Get OUT Of Your Comfort Zone

This article was originally posted to AllAccess’ “Consultant Tips” series, written by Charese Fruge on October 7, 2020


In a recent creative session with a sales team charged with selling a “Pride” channel, I noticed a lot of resistance to out of the box thinking and a general lack of excitement for selling the brand. The message I was getting from the team was that they’d tried everything, and it was impossible to sell it, it just wasn’t moving the needle for clients. That surprised me, since we know that many large corporations have specific allocated budgets for “Pride” and the LGBTQ+ community–Budweiser, Amazon, Uber, LinkedIn, Barclays etc. Not to mention small business owners who invest on a local level in the community, particularly those who identify themselves as members of LGBTQ+. To me it is an easy sell. The PD, who sat in on the meeting, sounded frustrated and communicated that his ideas were falling on deaf ears.

I have mentioned on more than one occession in this column that the days of being a one trick pony are over, and that sales is now a MAJOR part of the job for Talent and Programming. Especially now that most traditional forms of revenue are gone, or don’t move the needle anymore thanks to the pandemic.

This creative session reminded me of a time when I worked with a particularly challenged sales department and my Market Manager challenged me daily to come up with creative ideas for unique and exclusive sponsorship opportunities. My creative mind went to work in overdrive. I could have written a novel with the ideas I came up with, but sadly, nothing seemed to get the sales team excited about them. In their minds, it was just easier to “do what we’ve always done,” and to go to the same sources for revenue we have always gone to.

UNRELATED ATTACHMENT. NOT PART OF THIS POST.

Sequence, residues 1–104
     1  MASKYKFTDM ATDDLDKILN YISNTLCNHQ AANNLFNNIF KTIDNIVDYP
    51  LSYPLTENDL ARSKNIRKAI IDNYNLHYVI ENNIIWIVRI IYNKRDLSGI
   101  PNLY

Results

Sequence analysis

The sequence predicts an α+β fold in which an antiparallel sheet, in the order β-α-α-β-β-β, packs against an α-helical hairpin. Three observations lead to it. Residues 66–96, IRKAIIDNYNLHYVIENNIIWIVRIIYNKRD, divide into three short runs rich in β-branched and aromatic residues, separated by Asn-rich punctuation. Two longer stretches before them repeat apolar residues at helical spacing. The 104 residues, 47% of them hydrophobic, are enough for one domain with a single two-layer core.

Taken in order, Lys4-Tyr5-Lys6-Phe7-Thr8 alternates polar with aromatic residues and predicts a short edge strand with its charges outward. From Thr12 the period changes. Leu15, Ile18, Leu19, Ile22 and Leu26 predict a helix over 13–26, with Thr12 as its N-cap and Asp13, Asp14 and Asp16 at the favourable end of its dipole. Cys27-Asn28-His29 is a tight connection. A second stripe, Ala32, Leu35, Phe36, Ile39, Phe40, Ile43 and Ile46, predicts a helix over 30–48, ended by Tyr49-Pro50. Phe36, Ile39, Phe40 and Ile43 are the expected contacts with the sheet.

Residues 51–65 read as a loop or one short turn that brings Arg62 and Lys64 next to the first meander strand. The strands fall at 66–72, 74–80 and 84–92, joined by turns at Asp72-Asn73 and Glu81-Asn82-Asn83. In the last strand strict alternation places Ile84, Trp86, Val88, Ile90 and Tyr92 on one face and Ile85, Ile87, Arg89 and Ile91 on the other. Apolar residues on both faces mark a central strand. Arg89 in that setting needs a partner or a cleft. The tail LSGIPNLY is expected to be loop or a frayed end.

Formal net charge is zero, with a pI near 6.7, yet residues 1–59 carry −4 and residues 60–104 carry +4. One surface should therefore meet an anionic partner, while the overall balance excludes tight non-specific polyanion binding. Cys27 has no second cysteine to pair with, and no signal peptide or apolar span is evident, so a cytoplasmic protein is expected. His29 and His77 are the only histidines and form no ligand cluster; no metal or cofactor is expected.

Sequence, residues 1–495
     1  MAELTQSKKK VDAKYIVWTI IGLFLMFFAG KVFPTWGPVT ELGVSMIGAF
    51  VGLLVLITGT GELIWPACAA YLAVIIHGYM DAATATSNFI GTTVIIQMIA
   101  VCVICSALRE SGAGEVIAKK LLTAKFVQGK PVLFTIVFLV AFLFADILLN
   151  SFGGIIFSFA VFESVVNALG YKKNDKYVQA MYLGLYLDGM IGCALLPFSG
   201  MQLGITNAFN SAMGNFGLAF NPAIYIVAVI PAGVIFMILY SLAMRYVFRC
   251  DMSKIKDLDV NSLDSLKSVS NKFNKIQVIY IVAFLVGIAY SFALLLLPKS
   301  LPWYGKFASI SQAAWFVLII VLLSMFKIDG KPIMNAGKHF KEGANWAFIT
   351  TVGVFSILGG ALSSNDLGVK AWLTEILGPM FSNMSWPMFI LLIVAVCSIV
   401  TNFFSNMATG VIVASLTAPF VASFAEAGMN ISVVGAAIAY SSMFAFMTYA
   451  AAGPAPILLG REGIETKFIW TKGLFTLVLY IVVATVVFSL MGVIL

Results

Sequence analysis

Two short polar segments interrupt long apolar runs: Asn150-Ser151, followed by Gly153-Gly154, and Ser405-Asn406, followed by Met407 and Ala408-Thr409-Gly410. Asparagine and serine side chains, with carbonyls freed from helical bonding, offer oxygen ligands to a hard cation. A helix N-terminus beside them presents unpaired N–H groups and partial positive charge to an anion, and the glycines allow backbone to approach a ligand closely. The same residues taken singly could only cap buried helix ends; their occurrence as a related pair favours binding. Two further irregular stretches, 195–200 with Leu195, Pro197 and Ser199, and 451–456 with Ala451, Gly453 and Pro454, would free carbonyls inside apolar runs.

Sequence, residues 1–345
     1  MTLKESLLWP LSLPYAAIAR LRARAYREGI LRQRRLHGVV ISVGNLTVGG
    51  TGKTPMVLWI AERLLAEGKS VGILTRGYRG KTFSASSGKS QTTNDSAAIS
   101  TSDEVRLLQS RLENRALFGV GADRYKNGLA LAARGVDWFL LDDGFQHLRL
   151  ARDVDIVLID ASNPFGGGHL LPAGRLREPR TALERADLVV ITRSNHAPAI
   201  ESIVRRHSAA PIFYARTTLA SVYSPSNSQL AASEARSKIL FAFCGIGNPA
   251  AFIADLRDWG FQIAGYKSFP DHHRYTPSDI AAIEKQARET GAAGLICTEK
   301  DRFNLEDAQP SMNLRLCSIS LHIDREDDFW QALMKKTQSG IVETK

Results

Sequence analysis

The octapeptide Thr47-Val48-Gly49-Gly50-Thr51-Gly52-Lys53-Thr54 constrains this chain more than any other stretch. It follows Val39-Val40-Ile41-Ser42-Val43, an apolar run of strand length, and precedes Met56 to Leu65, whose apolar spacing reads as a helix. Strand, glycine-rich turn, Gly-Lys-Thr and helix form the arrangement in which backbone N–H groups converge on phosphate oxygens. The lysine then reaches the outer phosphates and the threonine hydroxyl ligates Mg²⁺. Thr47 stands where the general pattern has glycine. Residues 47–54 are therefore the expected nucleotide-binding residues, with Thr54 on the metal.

Think about the bad rap that a lot of talent and programmers have gotten over the years. The number one question being asked when anyone on the programming side interviews for a job is,” How do you work with the sales department?” The correct answer is (and you better be prepared to back it up) “Never say Never! I am not the kind of Programmer (or talent) that says ‘No!’ all the time. My job is to protect the integrity of the brand AND to make sure what we do as a brand actually benefits our clients. So, if we can’t do this, let me give you a few options and see if we can make one of them work for the brand, the sales rep and the client.”

What I am saying is, the expectation of Programmers and Talent are that they are to be in the sales business and open to being creative and innovative for the purpose of revenue. That being said, the sales team also needs to be open to new ideas as well, and not afraid of changing the way we do things to meet with the times. Some of the most creative people on your team will be in the Programming Department. So, if you are asking for ideas on how to blow away your clients, be open to their ideas and creativity, and build an exclusive package for your client around their ideas. Don’t be afraid to try new things and new methods of activation. The best thing you can do is tell talent they have a great idea. We’re most likely so desperate for a pat on the back that we’ll end up doing all the work for you and your client will be the one to benefit.

Our client’s expectations are so beyond what they used to be in the business, especially since the onset of the pandemic. Radio companies have no choice but to rely on new, non-traditional forms of revenue. Sure, it’s not the way we “always did it before.” But that is a good thing. We wasted too much time as an industry embracing the digital and social space for the purpose of revenue. Let’s not make the same mistake twice. We are being forced to be innovative and different NOW. Be open minded and push yourself out of your comfort zone courageously. Then sit back and enjoy the action (and one more month of hitting your budget).